Just 51 staff remain in the Canberra office of the Australian Pesticides and Veterinary Medicines Authority after the controversial move to Armidale, with indications of an exodus from the science agency.
Just 14 staff relocated to Armidale in the 12 months to June 30 this year, according to the agency's annual report. Forty-two staff took a voluntary redundancy on July 1.
Over the 12 months to June, 86 people were recruited, which suggests that fully half of the agency's current head count of 171 are relatively new.
The authority has been through massive upheaval over the past two years as it shifts to a newly built office in Armidale. The move has been marred not only by a reluctance of staff to move but also by controversy over the new location, after a suspicious fire razed the Armidale Club which operated from the site before it was leased to the government.
Also on Monday, NSW Police said the state coroner would review the fire in January. A suspect in the fire shot himself in an Armidale park the day after the fire.
The initial coroner's report almost two years ago found the fire was deliberately lit but did not name a suspect, saying the man's death was a coincidence and there was no evidence tying him directly to the fire. After the site was chosen for the veterinary authority last year, with agitation from the former club owner, police reopened investigations.
The agency's annual report suggests a big increase in the travel bill in the past two years coinciding with the move to Armidale. In each of the previous two financial years, the agency spent just short of $200,000 on travel. In 2017-18 it spent $480,000, and in 2018-19 it spent $625,000.
Labor's Joel Fitzgibbon told parliament last week that he had seen agency head Chris Parker regularly at the airport.
"He was going to be located in Armidale, we were assured of that. He probably does have a house or a flat or duplex in Armidale I suspect. But I see him flying to Canberra a lot," Mr Fitzgibbon said.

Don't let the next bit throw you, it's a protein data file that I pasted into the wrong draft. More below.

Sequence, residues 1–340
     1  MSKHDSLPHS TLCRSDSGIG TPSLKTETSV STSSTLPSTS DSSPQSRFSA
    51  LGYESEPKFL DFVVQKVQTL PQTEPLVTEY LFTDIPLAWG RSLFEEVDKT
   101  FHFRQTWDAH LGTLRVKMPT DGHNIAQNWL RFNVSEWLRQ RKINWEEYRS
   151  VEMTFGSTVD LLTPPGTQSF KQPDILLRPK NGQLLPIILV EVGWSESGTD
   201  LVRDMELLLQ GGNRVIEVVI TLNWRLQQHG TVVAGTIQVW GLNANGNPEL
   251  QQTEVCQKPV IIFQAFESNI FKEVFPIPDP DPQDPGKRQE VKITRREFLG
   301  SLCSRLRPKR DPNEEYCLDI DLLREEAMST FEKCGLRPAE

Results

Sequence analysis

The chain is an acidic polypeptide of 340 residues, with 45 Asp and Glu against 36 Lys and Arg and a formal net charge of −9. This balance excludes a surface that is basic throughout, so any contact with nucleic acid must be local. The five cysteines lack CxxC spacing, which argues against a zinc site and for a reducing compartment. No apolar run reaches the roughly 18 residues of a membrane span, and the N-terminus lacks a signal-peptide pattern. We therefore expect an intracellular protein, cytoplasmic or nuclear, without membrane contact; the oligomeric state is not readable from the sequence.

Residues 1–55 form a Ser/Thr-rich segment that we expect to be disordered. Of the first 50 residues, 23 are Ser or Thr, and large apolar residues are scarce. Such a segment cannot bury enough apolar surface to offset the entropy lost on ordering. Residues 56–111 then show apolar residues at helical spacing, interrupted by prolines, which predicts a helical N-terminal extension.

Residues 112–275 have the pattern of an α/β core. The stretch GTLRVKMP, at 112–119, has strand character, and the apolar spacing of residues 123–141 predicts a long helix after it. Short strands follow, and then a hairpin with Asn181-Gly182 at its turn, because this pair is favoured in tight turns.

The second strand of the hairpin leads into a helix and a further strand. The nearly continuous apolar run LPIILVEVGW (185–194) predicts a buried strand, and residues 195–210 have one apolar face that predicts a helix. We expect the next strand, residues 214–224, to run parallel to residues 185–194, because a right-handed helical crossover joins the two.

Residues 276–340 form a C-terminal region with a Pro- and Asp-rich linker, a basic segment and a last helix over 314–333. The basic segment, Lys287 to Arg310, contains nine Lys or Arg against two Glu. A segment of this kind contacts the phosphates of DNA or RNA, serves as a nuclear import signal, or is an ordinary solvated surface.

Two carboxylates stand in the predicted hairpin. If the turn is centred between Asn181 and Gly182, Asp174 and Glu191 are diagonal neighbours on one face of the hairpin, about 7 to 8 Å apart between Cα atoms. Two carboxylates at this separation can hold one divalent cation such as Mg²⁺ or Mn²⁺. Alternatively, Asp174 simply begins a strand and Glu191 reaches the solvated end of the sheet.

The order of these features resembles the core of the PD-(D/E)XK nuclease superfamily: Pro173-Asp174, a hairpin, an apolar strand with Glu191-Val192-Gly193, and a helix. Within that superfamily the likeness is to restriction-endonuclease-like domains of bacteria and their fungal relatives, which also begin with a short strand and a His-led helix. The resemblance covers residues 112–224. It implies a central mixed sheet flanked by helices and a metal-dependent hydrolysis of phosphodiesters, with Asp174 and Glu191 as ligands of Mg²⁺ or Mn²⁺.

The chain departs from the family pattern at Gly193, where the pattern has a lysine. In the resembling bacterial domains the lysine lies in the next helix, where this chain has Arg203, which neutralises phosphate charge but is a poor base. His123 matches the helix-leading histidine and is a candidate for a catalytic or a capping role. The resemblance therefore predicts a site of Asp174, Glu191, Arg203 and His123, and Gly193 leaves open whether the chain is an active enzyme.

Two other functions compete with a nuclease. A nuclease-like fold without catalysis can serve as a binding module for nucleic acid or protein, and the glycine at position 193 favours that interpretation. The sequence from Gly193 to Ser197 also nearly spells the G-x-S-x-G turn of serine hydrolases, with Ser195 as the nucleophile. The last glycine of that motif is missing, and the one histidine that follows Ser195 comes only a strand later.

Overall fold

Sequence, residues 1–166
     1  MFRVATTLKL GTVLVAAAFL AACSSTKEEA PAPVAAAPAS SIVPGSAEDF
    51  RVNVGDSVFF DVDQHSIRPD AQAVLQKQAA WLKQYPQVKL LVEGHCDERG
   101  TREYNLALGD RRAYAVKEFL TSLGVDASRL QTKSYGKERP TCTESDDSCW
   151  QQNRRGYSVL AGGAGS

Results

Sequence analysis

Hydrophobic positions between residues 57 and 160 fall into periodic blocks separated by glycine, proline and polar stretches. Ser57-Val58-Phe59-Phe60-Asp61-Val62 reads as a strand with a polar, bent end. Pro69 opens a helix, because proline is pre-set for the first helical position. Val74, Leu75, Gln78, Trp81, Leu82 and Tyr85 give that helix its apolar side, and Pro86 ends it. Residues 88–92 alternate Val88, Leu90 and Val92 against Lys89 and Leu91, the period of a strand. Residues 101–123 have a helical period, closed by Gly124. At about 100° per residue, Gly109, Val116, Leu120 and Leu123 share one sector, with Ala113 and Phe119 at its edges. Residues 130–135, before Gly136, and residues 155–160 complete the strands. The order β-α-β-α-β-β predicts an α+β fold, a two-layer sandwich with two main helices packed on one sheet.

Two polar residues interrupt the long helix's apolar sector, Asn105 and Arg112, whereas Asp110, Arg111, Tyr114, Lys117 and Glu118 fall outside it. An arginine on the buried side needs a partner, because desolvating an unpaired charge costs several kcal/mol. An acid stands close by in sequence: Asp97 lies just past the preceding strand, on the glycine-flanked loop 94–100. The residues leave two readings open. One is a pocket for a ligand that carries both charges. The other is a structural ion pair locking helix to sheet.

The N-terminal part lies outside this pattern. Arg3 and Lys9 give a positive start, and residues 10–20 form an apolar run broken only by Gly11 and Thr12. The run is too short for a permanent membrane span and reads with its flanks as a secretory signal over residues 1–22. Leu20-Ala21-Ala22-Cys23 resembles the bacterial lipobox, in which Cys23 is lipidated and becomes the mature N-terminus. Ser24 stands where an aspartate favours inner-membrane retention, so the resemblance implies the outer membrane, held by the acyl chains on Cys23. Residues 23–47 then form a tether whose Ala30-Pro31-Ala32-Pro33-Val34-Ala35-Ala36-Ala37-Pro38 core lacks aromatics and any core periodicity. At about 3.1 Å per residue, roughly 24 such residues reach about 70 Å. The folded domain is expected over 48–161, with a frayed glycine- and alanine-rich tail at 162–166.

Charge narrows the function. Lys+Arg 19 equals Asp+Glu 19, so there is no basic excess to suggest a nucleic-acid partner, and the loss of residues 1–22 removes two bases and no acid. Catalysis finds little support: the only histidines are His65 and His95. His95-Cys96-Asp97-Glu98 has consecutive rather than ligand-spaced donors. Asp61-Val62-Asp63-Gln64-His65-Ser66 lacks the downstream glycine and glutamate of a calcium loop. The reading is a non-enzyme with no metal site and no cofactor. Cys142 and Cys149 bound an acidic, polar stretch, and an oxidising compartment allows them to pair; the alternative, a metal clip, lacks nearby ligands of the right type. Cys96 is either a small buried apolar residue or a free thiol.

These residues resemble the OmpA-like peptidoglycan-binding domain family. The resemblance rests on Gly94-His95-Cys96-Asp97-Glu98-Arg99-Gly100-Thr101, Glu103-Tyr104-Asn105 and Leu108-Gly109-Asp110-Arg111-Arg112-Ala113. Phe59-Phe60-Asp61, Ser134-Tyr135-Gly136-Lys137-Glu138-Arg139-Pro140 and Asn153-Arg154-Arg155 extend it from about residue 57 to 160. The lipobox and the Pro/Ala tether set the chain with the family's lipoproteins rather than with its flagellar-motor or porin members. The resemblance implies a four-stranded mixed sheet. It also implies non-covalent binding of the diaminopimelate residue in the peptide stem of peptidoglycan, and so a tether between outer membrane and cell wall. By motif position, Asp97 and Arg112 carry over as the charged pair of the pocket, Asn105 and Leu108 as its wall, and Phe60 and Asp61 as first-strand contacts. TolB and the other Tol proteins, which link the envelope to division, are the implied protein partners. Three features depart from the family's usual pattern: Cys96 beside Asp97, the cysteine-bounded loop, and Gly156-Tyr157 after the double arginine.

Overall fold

The agency relied on the retention of regulatory scientists and lawyers in a unique area.
"Even prior to the relocation of the APVMA the authority was struggling to secure and retain the staff it needs, so you can imagine the impact when the former minister announced that he was packing the authority up and moving it to Armidale, so far away," he said. "Immediately, a very large number of people ... left the authority."
Former Nationals leader Barnaby Joyce, the architect of the agency's move to his home town, said the agency's capacity to do its work had not been impacted - and in fact it was improving, with agricultural and veterinary approvals being handled more quickly.
While the numbers suggest staff are not shifting from Canberra to Armidale, Mr Joyce said it had been "highly successful".
"For people that are there, they overwhelmingly say they are really happy with the move. They have got more money in their pocket and they get more time with their family," he said.
The annual report said the "separation rates" - the number of staff leaving - had been high because of the relocation. In 2017-18, 36 per cent of permanent staff had left; in 2018-19 23 per cent had left. The numbers don't count the staff members who left on July 1 this year or since.
The agency still looks to have fewer staff than two years ago, In June 2017 it had 217 staff, 173 of whom were full-time permanent. All but one worked in Canberra.
On November 13 this year, there were 171 staff. Of them, 146 are permanent - 39 in Canberra and 107 in Armidale. Twenty-five are 25 temporary ("non-ongoing") - 12 in Canberra and 13 in Armidale.
The agency had planned for up to 150 staff in Armidale by mid 2019; it reached 105. The agency said 15 people had joined the organisation in Armidale since July 1 and more recruitment was underway.
The agency had leased the Armidale site for 15 years plus two five-year extensions, according to the most recent annual report. The lease on the Canberra office, at 18 Wormald Street, Symonston, Canberra, ran until October 2020, and the lower occupancy from June 2019 this year meant "a provision for onerous property lease payments of $1.355 million being created which will be amortised over the remainder of the lease period", reviewed each year. The Canberra lease also required the APVMA to restore the premises to their original condition at the end.
Mr Fitzgibbon said the relocation to Armidale had "very, very eventful", with police still investigating the fire.
"Somehow the nightclub burnt down just at the right time for the Commonwealth to pick up the second block and build this new building in the electorate of the member for New England," he said.
While that might be a coincidence, "we do know, and this is not a secret, that the main suspect in the fire died very shortly after. So the police lost its key witness in the investigation".